King Oedipus by Sophocles by Sophocles - Read Online

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Widely regarded as one of the greatest Greek tragedies, 'King Oedipus' (or 'Oedipus Rex') is the first play in the Oedipus trilogy (followed by 'Oedipus at Colonus' and then 'Antigone'). After defeating the Sphinx and freeing the kingdom of Thebes from her curse, the flawed hero unwittingly fulfills a prophecy that he would kill his father and marry his mother.
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King Oedipus

by Sophocles

Translated by Lewis Campbell, M.A., LL.D.

EMERITUS PROFESSOR OF GREEK IN THE UNIVERSITY OF ST. ANDREWS

HONORARY FELLOW OF BALLIOL COLLEGE, OXFORD

Start Publishing LLC

Copyright © 2015 by Start Publishing LLC

All rights reserved, including the right to reproduce this book or portions thereof in any form whatsoever.

First Start Publishing eBook edition July 2015

Start Publishing is a registered trademark of Start Publishing LLC

Manufactured in the United States of America

10 9 8 7 6 5 4 3 2 1

ISBN 13: 978-1-68146-404-6

THE PERSONS

Oedipus, King of Thebes.

Creon, brother of Jocasta.

Chorus of Theban Elders.

Tiresias, the Blind Prophet.

Jocasta, the Queen, sister to Creon.

A Corinthian Shepherd.

A Theban Shepherd.

Messenger

The following also appear, but do not speak:

A Train of Suppliants.

The children Antigone and Ismene.

Scene. Before the Royal Palace in the Cadmean citadel of Thebes.

Laïus, the descendant of Cadmus, and king of Thebes (or Thebè), had been told by an oracle that if a son were born to him by his wife Jocasta the boy would be his father’s death.

Under such auspices, Oedipus was born, and to elude the prophecy was exposed by his parents on Mount Cithaeron. But he was saved by a compassionate shepherd, and became the adopted son of Polybus, king of Corinth. When he grew up he was troubled by a rumour that he was not his father’s son. He went to consult the oracle of Apollo at Delphi, and was told—not of his origin but of his destiny—that he should be guilty of parricide and incest.

He was too horror-stricken to return to Corinth, and as he travelled the other way, he met Laïus going from Thebes to Delphi. The travellers quarrelled and the son killed his father, but knew not whom he had slain. He went onward till he came near Thebes, where the Sphinx was making havoc of the noblest citizens, devouring all who failed to solve her riddle. But Oedipus succeeded and overcame her, and, as Laïus did not return, was rewarded with the regal sceptre,—and with the hand of the queen.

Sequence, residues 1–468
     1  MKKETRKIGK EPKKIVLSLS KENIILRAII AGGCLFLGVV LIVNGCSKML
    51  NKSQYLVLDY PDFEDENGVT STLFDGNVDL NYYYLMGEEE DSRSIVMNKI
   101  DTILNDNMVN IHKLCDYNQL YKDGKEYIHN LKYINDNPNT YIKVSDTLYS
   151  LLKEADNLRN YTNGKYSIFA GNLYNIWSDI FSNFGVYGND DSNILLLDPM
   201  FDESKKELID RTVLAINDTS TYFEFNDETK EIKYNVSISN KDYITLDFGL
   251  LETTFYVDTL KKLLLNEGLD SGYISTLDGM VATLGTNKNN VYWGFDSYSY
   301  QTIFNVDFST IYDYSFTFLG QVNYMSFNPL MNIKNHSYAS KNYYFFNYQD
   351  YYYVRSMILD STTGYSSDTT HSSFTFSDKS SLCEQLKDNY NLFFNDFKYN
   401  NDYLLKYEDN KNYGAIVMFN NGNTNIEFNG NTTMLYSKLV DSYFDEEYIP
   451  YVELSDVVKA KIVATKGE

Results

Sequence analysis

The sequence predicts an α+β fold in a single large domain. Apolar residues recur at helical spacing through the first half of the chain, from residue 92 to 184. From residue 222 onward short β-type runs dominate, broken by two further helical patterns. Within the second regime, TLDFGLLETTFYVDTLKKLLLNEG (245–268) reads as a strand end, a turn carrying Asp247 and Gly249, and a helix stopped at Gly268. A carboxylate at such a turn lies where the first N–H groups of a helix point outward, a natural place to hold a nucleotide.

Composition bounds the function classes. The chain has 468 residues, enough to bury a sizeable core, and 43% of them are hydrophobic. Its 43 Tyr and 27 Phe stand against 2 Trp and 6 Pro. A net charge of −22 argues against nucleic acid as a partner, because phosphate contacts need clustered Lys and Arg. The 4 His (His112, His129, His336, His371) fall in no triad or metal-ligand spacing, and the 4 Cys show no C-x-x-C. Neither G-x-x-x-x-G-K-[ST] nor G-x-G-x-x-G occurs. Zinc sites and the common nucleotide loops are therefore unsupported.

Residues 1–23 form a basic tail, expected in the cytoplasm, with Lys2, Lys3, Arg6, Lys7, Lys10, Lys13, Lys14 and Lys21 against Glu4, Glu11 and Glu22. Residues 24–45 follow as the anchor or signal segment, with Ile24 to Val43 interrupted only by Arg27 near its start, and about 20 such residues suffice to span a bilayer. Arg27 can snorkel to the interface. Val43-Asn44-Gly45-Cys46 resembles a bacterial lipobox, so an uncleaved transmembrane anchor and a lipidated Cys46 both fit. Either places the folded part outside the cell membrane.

He reigned nobly and prosperously, and lived happily with Jocasta, by whom he had four children.

But after some years a plague descended on the people, and Apollo, on being inquired of, answered that it was for Laïus’ death. The act of regicide must be avenged. Oedipus undertakes the task of discovering the murderer,—and in the same act discovers his own birth, and the fulfilment of both the former prophecies.

Jocasta hangs herself, and Oedipus in his despair puts out his eyes.

King Oedipus

Oedipus—Priest of Zeus

(with the Train of Suppliants grouped before an altar).

Oedipus. Nurslings of Cadmus, children of my care,

Why press ye now to kneel before my gate

With sacred branches in those suppliant hands,

While o’er your city clouds of incense rise

And sounds of praise, mingling with sounds of woe?

I would not learn of your estate, my sons,

Through others, wherefore I myself am come,

Your Oedipus,—a name well known to men.

Speak, aged friend, whose look proclaims thee meet

To be their spokesman—What desire, what fear

Hath brought you? Doubt not of my earnest will

To lend all succour. Hard would be the heart

That looked unmoved on such a kneeling throng.

Priest. Great ruler of my country, thou beholdest

The different ages of our flock who here

Are gathered round thine altar,—some, whose wing

Hath not yet ventured far from home, and some

Burdened with many years, priests of the Gods,

Myself the arch priest of Zeus, and these fresh youths,

A chosen few. Others there are who crowd

The holy agora and the temples twain

Of Pallas, and Ismenus’ hallowed fires,

A suppliant host. For, as thyself perceivest,

Our city is tempest tost, and all too weak

To lift above the waves her weary prow

That plunges in a rude and ravenous sea.

Earth’s buds are nipped, withering the germs within,

Our cattle lose their increase, and our wives

Have fruitless travail; and that scourge from